Winter Storm Jonas Disrupts Travel As It Blankets Canada And Some Eastern Parts Of The US

Blizzard conditions are expected to subside by Tuesday, but not before winter storm Jonas dumps heavy snow across the eastern U.S. and Canada, disrupting travel and cutting power to thousands of homes.

The National Weather Service says blizzard warnings remain in effect for parts of New York state with “significant” coastal flooding along the Long Island Sound.

U.S. officials also discouraged driving, and many states prepositioned teams to deal with the emergency, especially in the South where snow is much less common.

Powerful winds downed trees, while icy conditions halted traffic on major roadways including a portion of busy interstate highway I-95 that was closed in North Carolina just two weeks after another major road was shut down due to a storm.

Travel was also seriously disrupted, with major travel headaches from Arkansas all the way up to Quebec. Drivers were warned of hazardous road conditions and it’s not recommended that people drive unless absolutely necessary.

It is expected that blizzard conditions will subside by Tuesday as winter storm Jonas dumps heavy snow across the eastern U.S. and Canada, but not before disrupting travel and cutting power to thousands of homes.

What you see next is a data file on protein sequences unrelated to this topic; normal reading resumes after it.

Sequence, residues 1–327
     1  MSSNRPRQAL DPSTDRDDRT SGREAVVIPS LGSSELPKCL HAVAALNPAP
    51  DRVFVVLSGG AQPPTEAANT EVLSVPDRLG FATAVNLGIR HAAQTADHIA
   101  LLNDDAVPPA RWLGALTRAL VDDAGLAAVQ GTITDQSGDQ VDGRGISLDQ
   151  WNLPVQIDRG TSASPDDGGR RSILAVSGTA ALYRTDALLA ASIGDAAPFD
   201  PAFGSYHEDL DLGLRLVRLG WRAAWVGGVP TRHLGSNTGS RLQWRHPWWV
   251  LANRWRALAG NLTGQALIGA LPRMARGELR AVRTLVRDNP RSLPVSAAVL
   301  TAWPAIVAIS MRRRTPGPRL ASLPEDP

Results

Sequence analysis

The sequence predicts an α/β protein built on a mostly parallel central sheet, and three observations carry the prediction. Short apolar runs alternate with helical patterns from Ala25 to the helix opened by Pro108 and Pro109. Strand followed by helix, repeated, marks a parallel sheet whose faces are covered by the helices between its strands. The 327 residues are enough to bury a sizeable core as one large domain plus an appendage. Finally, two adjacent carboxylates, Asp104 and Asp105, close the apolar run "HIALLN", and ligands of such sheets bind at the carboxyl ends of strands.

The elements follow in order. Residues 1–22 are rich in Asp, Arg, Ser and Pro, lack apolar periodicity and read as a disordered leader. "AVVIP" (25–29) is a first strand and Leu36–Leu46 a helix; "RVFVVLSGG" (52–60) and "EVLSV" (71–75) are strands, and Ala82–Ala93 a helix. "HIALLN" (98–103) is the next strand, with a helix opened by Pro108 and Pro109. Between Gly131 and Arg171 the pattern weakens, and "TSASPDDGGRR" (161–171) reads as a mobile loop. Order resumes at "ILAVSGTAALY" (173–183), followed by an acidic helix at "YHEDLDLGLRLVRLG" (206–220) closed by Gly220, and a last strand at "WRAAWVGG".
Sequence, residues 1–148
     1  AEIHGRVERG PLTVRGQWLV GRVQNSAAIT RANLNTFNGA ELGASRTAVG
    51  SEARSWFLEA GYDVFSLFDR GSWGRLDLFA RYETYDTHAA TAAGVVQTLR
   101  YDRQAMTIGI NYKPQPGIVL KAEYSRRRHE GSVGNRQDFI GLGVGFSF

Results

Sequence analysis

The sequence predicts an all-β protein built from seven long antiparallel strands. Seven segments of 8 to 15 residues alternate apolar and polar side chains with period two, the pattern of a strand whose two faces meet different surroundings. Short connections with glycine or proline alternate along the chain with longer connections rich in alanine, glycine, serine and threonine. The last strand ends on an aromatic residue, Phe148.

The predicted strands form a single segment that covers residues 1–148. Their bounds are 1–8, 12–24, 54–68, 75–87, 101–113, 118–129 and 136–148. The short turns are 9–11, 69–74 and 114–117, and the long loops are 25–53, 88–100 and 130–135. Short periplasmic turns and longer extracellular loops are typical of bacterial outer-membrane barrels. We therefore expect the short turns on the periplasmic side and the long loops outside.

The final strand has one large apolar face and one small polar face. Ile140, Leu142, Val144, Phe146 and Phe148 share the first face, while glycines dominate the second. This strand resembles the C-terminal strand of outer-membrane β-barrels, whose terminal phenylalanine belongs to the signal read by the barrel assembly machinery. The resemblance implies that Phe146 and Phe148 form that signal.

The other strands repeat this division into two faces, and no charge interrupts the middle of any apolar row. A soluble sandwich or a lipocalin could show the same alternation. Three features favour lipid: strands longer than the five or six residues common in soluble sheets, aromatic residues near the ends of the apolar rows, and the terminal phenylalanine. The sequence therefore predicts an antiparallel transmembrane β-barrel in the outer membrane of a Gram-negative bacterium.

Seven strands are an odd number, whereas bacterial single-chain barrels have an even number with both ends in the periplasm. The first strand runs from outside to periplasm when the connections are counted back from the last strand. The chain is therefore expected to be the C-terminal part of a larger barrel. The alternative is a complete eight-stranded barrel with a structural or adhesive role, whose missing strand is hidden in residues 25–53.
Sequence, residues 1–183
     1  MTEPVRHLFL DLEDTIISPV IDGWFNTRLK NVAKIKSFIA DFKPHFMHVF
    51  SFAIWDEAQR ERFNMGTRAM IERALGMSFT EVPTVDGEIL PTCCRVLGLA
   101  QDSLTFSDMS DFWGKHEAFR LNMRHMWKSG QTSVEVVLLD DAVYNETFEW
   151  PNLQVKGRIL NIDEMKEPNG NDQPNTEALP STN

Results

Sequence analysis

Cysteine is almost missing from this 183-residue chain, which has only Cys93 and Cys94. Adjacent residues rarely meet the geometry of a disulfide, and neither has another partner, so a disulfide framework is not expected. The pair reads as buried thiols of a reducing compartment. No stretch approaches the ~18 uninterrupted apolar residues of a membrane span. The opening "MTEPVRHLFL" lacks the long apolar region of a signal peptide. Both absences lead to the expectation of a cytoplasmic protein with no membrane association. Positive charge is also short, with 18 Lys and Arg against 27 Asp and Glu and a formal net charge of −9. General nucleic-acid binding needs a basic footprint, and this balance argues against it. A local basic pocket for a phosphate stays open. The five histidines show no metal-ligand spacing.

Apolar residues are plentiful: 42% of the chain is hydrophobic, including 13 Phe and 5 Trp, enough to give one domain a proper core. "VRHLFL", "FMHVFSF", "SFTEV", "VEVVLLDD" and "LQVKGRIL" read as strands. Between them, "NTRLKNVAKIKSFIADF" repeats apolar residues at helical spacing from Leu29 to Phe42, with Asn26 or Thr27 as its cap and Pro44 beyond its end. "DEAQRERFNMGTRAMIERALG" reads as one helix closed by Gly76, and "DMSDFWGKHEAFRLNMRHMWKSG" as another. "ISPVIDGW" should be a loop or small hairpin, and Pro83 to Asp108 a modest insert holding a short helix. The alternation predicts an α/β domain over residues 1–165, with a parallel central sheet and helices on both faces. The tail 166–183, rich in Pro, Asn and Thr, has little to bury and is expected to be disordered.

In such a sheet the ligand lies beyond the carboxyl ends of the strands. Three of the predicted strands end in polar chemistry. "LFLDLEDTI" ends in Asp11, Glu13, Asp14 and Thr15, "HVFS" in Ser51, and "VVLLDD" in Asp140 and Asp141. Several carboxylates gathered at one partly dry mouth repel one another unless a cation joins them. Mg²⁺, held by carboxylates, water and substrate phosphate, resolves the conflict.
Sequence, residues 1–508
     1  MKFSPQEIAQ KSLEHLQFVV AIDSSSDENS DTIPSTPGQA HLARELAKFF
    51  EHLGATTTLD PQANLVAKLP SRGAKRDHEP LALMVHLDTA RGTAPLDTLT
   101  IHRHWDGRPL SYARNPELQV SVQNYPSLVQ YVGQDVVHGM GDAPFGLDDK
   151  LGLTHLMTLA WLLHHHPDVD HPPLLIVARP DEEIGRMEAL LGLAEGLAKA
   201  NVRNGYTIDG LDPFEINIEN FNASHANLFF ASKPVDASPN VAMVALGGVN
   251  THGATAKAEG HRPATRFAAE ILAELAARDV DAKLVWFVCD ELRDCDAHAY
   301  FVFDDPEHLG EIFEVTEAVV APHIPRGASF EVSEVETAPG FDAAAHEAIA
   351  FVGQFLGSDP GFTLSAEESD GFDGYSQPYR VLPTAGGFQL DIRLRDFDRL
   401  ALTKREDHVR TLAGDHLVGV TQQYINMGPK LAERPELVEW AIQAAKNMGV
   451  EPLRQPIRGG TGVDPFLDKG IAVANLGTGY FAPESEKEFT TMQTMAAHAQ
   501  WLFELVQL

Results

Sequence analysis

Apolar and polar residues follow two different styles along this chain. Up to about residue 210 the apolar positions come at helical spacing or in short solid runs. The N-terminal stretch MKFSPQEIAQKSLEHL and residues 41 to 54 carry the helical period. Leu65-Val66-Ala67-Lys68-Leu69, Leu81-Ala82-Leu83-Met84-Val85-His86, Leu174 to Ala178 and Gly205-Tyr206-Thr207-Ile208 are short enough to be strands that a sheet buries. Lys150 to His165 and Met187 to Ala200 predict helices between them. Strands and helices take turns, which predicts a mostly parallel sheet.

New York City tri-state area was hit with a snowstorm that blanketed areas north and east of the metropolis with as much as 12 inches (30.5 cm) of snow.

East and Central US – From the Great Lakes to Appalachians, central sections of the country were also pelted with heavy snowfall hitting Chicago, Detroit, Pittsburgh and Washington DC. Much of southern Quebec and parts of Atlantic Canada received between 8–18 inches (20–45 cm) of snow from this storm system. The Atlantic provinces saw rough seas on Thursday morning as waves reached up to 20 feet high due to strong east winds that created dangerous surf conditions along the coastlines.

Midwest US – Generally 3–6 inches (8–15 cm) of snow fell throughout the region.

West Coast US – A high pressure system to the west of California was causing mostly cloudy conditions and temperatures around average for this time of year in most areas except along the coast where temps were much cooler than usual for January, reaching into the low 50s°F (around 10 °C). Generally 1-3 inches (2.5–7.6 cm) of rain were expected in Los Angeles County while 2–4 inches (5–10 cm) were recorded in San Diego County by Friday evening.